Tom Webster (ice hockey)

Last updated
Tom Webster
Tom Webster 1969.JPG
Webster in 1969
Born (1948-10-04) October 4, 1948 (age 70)
Kirkland Lake, Ontario, Canada
Height 5 ft 10 in (178 cm)
Weight 170 lb (77 kg; 12 st 2 lb)
Position Right Wing
Shot Right
Played for Boston Bruins
Detroit Red Wings
California Golden Seals
New England Whalers (WHA)
National teamFlag of Canada (Pantone).svg  Canada
NHL Draft 19th overall, 1966
Boston Bruins
Playing career 19681980

Thomas Ronald "Hawkeye" Webster (born October 4, 1948) is a Canadian former professional ice hockey player and former coach. He was born to Clara Lukowicz (née Webster). He is one of 8 siblings.

Canadians citizens of Canada

Canadians are people identified with the country of Canada. This connection may be residential, legal, historical or cultural. For most Canadians, several of these connections exist and are collectively the source of their being Canadian.

Ice hockey team sport played on ice using sticks, skates, and a puck

Ice hockey is a contact team sport played on ice, usually in a rink, in which two teams of skaters use their sticks to shoot a vulcanized rubber puck into their opponent's net to score points. The sport is known to be fast-paced and physical, with teams usually consisting of six players each: one goaltender, and five players who skate up and down the ice trying to take the puck and score a goal against the opposing team.

Coach (ice hockey) person responsible for directing an ice hockey team

Coach in ice hockey is the person responsible for directing the team during games and practices, prepares strategy and decides which players will participate in games.


Playing career

Originally selected by the Boston Bruins in the 1966 NHL Entry Draft, Webster played in a total of 102 National Hockey League (NHL) games with the Bruins and Detroit Red Wings. Webster scored 30 goals for the Red Wings in the 1970-71 season, but only managed 3 goals in 12 games of the 1971-72 season. [1] He also played 352 games for the New England Whalers of the World Hockey Association.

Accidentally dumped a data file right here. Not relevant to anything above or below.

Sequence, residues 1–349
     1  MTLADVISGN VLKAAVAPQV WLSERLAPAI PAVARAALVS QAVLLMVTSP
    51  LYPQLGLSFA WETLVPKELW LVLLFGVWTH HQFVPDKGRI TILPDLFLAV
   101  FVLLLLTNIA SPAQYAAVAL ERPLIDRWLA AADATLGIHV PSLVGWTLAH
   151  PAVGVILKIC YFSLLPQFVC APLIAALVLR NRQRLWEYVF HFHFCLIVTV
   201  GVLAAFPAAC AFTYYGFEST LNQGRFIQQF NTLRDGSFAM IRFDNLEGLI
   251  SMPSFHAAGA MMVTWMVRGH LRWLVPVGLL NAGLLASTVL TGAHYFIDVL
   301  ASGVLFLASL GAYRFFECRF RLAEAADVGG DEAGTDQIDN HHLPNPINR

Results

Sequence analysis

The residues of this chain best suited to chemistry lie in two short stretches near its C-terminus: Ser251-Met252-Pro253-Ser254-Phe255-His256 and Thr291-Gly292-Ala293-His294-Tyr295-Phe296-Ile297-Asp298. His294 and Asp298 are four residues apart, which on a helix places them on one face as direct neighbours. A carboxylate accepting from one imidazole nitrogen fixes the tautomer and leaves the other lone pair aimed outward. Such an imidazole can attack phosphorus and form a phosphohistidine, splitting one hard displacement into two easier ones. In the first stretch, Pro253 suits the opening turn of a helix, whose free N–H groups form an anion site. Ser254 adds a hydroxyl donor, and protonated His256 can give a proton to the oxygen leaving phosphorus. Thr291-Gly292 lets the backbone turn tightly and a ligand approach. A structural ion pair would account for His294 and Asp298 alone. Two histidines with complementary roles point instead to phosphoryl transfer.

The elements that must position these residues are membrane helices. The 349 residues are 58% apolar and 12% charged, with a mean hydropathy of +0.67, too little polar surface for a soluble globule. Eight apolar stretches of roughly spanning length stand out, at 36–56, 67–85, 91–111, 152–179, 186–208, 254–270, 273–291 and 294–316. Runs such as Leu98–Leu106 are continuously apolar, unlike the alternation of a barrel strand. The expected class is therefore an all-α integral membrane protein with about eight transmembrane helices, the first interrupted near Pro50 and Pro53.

Boston Bruins National Hockey League team based in Boston, United States

The Boston Bruins are a professional ice hockey team based in Boston. They are members of the Atlantic Division of the Eastern Conference of the National Hockey League (NHL). The team has been in existence since 1924, and is the league's third-oldest team overall and the oldest in the United States. It is also an Original Six franchise, along with the Chicago Blackhawks, Detroit Red Wings, Montreal Canadiens, New York Rangers and Toronto Maple Leafs. The Bruins have won six Stanley Cup championships, tied for fourth most of all-time with the Blackhawks and tied second-most of any American NHL team also with the Blackhawks.

National Hockey League North American professional ice hockey league

The National Hockey League is a professional ice hockey league in North America, currently comprising 31 teams: 24 in the United States and 7 in Canada. The NHL is considered to be the premier professional ice hockey league in the world, and one of the major professional sports leagues in the United States and Canada. The Stanley Cup, the oldest professional sports trophy in North America, is awarded annually to the league playoff champion at the end of each season.

Detroit Red Wings Hockey team of the National Hockey League